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Author Topic: DIY compact sub cabinet  (Read 12123 times)

Mike {AB} Butler

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Re: DIY compact sub cabinet
« Reply #20 on: April 29, 2008, 04:18:06 pm »

Arr. Thanks, man!!  Smile
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Mike Butler,
Principal, Technology and Operations,
Dascott Technologies, LLC

Peter Wing

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Re: DIY compact sub cabinet
« Reply #21 on: April 29, 2008, 07:49:47 pm »

True about the horn loaded subs not being good for time accuracy, but the HD15 has about 16 inches of horn length, its a bandpass horn, and would likely measure at less than 1.5ms of horn delay. Which is fine in my opinion.  
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Marjan Milosevic

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Re: DIY compact sub cabinet
« Reply #22 on: April 29, 2008, 08:18:25 pm »

HD15 is not a sub. It is a kick bin. Good 80-150 Hz.

Louie Warren

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Re: DIY compact sub cabinet
« Reply #23 on: April 30, 2008, 04:59:19 pm »

Marjan Milosevic(MarjanM) wrote on Tue, 29 April 2008 20:18

HD15 is not a sub. It is a kick bin. Good 80-150 Hz.


Isn't that what I want?
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Louie Warren

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Re: DIY compact sub cabinet
« Reply #24 on: April 30, 2008, 05:33:37 pm »

Another stupid question... can someone explain, in layman's terms, Bandpass vs Sealed vs Vented... I am assuming the sealed is just that with no port and the vented is ported?  I probably know what is what, just not these terms.  Thanx!

L
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John Roberts {JR}

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Re: DIY compact sub cabinet
« Reply #25 on: April 30, 2008, 07:27:40 pm »

Louie Warren wrote on Wed, 30 April 2008 16:33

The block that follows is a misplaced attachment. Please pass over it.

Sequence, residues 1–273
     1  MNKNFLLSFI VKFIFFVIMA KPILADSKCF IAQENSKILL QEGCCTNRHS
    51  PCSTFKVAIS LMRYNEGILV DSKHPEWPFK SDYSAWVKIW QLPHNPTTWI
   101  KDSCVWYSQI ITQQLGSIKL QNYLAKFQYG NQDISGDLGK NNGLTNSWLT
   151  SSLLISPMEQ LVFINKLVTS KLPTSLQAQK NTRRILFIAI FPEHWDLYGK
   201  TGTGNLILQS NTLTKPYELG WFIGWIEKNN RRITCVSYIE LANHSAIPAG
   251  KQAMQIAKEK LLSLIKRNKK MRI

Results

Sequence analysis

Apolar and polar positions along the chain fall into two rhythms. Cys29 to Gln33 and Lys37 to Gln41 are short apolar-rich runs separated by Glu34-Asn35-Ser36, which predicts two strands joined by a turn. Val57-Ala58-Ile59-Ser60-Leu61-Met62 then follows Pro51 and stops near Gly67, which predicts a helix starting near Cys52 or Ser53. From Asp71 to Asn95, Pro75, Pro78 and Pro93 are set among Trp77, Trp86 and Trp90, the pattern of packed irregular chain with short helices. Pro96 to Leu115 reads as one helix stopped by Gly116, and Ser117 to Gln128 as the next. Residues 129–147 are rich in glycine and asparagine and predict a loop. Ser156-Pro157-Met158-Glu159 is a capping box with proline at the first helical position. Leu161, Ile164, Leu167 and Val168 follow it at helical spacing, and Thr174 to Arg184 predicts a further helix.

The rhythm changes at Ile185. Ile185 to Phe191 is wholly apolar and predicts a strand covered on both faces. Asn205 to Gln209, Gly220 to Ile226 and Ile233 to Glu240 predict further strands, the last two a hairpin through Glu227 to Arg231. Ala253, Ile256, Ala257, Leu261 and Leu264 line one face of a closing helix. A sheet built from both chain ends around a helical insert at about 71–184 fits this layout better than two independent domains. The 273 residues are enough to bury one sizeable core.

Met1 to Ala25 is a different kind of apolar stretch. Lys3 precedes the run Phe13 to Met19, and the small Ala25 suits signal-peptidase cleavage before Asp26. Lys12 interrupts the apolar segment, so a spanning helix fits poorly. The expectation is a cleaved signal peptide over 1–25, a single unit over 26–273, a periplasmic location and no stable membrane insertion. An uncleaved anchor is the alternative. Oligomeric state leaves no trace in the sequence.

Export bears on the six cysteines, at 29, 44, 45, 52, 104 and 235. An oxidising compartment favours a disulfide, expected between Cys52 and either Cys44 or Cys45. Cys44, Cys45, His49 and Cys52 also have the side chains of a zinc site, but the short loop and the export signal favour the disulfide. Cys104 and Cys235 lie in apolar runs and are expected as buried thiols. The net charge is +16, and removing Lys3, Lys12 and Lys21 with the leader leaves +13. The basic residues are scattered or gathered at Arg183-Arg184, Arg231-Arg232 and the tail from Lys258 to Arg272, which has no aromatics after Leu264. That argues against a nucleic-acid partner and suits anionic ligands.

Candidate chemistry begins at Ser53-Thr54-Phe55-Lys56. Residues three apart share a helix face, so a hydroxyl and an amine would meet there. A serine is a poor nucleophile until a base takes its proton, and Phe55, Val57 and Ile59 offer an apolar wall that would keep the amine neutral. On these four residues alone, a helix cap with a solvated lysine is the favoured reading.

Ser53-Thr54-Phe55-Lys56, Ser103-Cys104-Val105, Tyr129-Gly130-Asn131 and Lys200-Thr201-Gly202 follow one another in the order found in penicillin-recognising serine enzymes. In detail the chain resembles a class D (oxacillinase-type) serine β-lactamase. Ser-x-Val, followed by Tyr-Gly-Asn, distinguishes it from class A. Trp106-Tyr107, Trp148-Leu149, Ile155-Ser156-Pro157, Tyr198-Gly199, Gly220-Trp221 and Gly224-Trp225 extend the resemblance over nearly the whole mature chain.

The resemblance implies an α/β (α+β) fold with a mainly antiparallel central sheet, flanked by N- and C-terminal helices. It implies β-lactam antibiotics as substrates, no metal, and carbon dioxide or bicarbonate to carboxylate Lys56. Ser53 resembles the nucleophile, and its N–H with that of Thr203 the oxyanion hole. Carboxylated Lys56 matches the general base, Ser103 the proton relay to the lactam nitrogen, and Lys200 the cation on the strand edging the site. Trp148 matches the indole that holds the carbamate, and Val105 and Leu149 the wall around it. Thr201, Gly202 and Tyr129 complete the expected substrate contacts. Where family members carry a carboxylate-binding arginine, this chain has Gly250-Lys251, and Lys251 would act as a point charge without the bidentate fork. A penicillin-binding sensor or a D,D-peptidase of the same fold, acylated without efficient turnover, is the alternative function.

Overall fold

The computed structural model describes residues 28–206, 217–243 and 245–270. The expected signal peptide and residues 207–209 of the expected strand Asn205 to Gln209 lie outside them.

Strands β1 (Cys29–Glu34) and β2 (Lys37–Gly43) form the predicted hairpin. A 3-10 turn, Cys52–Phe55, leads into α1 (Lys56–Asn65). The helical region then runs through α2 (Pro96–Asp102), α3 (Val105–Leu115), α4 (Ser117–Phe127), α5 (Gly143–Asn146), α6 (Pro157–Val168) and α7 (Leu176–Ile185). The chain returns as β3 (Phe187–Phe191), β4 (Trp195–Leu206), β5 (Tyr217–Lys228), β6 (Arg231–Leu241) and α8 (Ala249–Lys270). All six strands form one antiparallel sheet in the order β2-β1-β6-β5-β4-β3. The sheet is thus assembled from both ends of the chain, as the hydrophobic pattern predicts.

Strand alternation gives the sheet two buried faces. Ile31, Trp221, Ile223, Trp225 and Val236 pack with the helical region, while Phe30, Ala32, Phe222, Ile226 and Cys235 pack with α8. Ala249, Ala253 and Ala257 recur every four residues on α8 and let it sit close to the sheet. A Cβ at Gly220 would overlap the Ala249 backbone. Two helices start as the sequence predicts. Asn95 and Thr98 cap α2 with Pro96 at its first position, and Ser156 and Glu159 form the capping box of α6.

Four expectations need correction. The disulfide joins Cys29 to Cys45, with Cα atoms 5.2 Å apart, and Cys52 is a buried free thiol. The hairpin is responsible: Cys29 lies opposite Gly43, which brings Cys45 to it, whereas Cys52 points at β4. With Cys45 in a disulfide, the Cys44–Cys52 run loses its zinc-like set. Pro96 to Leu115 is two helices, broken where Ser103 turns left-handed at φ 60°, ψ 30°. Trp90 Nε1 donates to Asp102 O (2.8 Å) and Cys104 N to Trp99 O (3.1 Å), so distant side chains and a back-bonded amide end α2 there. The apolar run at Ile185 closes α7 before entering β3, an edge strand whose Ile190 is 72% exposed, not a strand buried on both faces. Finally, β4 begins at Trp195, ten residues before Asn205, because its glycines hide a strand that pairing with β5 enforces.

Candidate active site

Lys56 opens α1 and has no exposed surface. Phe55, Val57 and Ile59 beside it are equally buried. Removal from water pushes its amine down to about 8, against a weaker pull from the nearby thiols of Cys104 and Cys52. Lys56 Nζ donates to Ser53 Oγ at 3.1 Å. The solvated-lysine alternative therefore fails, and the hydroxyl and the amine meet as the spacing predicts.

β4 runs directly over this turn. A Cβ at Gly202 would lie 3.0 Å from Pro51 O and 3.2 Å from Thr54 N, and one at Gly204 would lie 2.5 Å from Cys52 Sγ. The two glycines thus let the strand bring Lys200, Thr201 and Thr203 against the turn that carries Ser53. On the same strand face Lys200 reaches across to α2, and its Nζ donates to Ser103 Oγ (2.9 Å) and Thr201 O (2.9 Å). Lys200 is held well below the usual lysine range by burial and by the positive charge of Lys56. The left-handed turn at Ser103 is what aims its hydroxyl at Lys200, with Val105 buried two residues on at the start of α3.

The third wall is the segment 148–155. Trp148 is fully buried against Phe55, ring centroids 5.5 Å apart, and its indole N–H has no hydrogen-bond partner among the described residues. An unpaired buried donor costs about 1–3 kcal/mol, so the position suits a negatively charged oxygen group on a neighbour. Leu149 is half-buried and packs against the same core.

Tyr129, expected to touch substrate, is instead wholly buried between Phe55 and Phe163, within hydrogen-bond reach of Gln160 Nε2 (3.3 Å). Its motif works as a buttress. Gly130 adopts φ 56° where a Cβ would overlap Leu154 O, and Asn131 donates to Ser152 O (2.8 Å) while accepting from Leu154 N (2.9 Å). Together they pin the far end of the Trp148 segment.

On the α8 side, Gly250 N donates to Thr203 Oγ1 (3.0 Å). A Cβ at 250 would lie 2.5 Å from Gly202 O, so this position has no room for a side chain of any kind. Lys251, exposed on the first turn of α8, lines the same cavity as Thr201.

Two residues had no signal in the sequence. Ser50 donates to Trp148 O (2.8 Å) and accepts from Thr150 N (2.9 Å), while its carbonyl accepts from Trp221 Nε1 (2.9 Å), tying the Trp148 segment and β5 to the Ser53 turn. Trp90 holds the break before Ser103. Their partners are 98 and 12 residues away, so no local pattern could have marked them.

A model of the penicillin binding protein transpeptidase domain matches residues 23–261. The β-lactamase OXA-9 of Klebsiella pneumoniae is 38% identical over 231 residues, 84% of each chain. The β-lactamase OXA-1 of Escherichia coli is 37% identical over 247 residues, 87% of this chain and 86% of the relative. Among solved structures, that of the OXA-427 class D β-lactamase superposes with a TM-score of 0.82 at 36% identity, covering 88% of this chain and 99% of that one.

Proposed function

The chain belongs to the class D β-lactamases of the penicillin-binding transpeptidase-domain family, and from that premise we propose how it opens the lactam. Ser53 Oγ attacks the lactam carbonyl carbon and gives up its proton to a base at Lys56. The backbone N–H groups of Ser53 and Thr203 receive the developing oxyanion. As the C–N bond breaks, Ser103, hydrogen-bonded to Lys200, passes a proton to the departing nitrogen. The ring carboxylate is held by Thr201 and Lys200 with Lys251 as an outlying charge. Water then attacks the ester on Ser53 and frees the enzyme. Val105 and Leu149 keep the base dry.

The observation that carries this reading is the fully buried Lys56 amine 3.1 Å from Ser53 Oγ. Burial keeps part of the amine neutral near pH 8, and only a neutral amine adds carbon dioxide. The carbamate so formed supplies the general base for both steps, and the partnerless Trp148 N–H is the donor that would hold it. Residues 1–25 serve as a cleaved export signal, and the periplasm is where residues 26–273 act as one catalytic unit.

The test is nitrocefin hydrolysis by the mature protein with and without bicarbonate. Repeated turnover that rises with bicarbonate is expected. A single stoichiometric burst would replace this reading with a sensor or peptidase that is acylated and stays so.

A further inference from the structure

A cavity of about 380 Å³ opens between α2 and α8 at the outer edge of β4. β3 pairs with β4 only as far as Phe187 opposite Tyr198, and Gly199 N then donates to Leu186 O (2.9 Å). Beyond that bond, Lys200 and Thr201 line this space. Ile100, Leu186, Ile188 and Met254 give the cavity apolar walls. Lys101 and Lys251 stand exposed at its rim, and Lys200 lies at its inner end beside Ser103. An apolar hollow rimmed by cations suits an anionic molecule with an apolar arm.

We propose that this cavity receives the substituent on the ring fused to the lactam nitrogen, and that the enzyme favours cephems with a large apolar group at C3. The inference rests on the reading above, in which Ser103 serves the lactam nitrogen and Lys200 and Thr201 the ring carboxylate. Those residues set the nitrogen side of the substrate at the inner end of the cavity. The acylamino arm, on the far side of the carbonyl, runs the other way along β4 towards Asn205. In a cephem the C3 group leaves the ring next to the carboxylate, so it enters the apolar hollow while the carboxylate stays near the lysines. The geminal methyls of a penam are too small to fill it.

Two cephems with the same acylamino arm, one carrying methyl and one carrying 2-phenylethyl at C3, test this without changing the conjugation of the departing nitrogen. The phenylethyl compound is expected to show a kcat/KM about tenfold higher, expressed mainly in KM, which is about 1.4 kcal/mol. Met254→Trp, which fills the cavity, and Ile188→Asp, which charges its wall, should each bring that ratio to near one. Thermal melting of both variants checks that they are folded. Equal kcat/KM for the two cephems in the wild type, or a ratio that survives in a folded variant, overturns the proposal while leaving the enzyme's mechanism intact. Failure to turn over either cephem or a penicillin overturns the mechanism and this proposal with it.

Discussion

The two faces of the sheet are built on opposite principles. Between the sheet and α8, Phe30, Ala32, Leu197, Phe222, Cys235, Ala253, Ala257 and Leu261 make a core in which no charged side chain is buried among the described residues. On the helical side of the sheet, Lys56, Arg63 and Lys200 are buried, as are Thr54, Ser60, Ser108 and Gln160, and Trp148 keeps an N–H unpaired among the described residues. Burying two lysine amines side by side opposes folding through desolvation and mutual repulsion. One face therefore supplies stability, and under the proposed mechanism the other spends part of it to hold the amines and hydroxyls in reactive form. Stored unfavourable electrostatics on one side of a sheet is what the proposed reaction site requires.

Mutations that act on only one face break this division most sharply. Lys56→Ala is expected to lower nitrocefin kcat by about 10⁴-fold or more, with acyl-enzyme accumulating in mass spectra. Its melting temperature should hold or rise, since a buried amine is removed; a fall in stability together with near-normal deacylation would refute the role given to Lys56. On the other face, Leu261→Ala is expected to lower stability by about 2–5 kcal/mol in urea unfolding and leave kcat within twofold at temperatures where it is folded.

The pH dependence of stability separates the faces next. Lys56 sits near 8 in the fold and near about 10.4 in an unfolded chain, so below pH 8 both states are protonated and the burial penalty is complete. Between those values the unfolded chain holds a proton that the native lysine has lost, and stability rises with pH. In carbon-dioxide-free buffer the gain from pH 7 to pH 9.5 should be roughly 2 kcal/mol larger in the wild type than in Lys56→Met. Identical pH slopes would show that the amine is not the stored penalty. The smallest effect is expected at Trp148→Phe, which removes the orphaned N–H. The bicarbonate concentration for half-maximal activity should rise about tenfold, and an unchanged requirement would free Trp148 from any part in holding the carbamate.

Another stupid question... can someone explain, in layman's terms, Bandpass vs Sealed vs Vented... I am assuming the sealed is just that with no port and the vented is ported?  I probably know what is what, just not these terms.  Thanx!

L



I'm not a speaker expert but I'll give it a pass.. First loudspeaker design is the ultimate engineering compromise where you are constantly trading off one characteristic for another. These different box approaches represent different design approaches with their characteristic tradeoffs.

The simplest loudspeaker is the sealed box (aka infinite baffle- while it isn't really infinite) loudspeaker. This is the baseline for performance and still considered the best by some Hifi purists.

The first trade off is the ported cabinet. This trick, adds a hole (port) and uses the rear wave of the driver when combined with the front wave to extend LF response. The compromise is ripples in the passband and faster bass rolloff when it does finally roll off. Another downside is that below port tuning there is no box damping to prevent driver over-excursion.

The bandpass box, is even trickier than the ported output box where it uses a tuned front chamber and back chamber to increase output. These are generally done to increase output efficiency in exchange for extended bandwidth.

The phase and amplitude response of the more complex speaker approaches are less simple but this is generally not considered a big problem compared to getting another another octave lower for given box/driver or doubling the SPL output over a narrower range.

Perhaps a real speaker guy will expand on this (or correct me).

JR

PS: and then there are horns...
 
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Winston Gamble

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Re: DIY compact sub cabinet
« Reply #26 on: May 01, 2008, 12:10:13 am »

Louie Warren wrote on Wed, 30 April 2008 22:33

Another stupid question... can someone explain, in layman's terms, Bandpass vs Sealed vs Vented... I am assuming the sealed is just that with no port and the vented is ported?  I probably know what is what, just not these terms.  Thanx!

L